Review of Red Dot: Contact by Eugene Linn

Red Dot: Contact. Will the Gravest Threat Come from Closer to Home than We Expect? by Eugene Linn
First Contact: Hope or Fear?

The front cover of Red Dot: ContactThis well-written novel documents how people and societies might react to the knowledge that we are not alone in the universe. More specifically, it tells the story of how humanity reacts to the discovery of a fast-approaching alien spaceship and the unexplained appearance of thousands of mysterious red dots that appear overnight. (Note that for this reason, I would have named the book Red Dots, not Red Dot.) Much of the book seems to mirror current news, especially in light of presidential politics. The writing, characterization, and dialog seemed fine.

On the other hand, I found apparent problems with the alien’s spaceship and communications technology difficult to believe. While somewhat plausible, I found the ending of the book frustrating, and I suspect that other lovers of science fiction might feel the same way. Without revealing any spoilers, I wouldn’t be surprised if many readers would also prefer a different outcome.
November 3, 2016

About Donald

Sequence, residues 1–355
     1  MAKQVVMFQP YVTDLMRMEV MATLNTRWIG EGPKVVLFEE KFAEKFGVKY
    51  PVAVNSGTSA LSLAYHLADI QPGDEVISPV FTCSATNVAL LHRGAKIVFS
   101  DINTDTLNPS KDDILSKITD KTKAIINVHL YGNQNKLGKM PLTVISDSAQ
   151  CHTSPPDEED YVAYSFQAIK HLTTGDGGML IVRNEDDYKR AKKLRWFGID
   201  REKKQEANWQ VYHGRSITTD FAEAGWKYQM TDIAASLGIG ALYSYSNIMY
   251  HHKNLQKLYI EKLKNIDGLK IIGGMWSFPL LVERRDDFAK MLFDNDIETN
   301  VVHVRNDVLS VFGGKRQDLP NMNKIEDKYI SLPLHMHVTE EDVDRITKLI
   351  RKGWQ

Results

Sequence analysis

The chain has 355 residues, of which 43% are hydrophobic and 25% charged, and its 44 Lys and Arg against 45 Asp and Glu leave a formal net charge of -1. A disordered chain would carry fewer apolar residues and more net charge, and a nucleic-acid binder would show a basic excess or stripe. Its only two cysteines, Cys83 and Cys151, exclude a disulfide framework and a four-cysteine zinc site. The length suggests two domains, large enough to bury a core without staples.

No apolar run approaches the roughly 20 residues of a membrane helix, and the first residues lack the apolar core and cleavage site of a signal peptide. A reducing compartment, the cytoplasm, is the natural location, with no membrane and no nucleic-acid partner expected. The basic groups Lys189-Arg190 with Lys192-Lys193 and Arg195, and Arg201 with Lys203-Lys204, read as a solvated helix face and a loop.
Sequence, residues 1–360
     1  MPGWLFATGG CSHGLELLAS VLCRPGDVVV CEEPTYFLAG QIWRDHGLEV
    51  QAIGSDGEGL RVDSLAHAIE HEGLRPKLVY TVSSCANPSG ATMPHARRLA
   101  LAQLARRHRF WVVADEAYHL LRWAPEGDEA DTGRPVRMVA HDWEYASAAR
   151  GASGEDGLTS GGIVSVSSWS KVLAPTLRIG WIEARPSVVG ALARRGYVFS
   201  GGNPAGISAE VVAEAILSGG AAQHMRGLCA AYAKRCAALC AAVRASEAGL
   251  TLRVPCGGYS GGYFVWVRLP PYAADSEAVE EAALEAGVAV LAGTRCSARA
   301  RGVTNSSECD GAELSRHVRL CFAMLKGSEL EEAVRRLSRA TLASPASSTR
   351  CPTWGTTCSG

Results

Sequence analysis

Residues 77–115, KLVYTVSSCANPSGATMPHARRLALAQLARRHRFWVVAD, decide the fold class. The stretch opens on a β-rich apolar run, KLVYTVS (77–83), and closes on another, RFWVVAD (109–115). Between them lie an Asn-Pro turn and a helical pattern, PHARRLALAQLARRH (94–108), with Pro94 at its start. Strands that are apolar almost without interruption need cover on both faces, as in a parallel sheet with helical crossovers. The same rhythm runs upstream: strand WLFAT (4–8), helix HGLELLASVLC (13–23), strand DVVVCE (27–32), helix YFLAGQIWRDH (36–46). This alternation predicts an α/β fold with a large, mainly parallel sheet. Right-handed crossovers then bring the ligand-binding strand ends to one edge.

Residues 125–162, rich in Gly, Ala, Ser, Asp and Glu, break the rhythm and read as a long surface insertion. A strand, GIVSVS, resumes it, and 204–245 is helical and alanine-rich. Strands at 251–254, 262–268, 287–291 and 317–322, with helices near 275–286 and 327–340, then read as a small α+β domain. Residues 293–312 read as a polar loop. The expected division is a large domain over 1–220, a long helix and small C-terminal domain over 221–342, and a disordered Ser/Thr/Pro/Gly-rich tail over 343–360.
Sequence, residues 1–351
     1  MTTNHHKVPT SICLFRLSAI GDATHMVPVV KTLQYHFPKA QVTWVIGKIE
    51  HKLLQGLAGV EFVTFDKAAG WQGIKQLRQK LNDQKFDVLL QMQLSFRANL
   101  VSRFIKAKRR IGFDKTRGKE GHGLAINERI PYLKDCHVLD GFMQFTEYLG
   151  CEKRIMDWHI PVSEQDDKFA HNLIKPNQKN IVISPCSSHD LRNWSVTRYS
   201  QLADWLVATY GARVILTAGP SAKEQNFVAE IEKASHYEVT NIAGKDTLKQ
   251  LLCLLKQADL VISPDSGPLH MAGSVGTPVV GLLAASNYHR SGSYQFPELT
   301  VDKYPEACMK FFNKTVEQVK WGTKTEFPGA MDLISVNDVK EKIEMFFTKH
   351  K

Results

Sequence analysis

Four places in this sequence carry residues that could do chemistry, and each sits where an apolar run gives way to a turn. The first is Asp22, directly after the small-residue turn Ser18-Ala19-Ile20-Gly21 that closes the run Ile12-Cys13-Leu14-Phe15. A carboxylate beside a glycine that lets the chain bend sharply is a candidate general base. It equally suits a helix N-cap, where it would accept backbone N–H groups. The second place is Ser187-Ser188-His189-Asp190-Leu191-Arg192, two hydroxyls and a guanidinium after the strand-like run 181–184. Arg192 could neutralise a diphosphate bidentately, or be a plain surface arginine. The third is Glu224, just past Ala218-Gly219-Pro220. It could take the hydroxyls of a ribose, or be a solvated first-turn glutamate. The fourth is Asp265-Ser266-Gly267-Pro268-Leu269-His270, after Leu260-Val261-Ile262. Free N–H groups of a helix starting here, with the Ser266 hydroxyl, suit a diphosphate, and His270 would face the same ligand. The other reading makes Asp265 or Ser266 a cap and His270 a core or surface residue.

A computer geek by day, Donald Firesmith works as a system and software engineer helping the US Government acquire large, complex software-intensive systems. In this guise, he has authored seven technical books, written numerous software- and system-related articles and papers, and spoken at more conferences than he can possibly remember. He is also proud to have been named a Distinguished Engineer by the Association of Computing Machinery, although his pride is tempered somewhat worrying whether the term “distinguished” makes him sound more like a graybeard academic rather than an active engineer whose beard is still more red than gray. By night and on weekends, his alter ego writes modern paranormal fantasy, apocalyptic science fiction, action and adventure novels and relaxes by handcrafting magic wands from various magical woods and mystical gemstones. His first foray into fiction is the book Magical Wands: A Cornucopia of Wand Lore written under the pen name Wolfrick Ignatius Feuerschmied. He lives in Crafton, Pennsylvania with his wife Becky, his son Dane, and varying numbers of dogs, cats, and birds.
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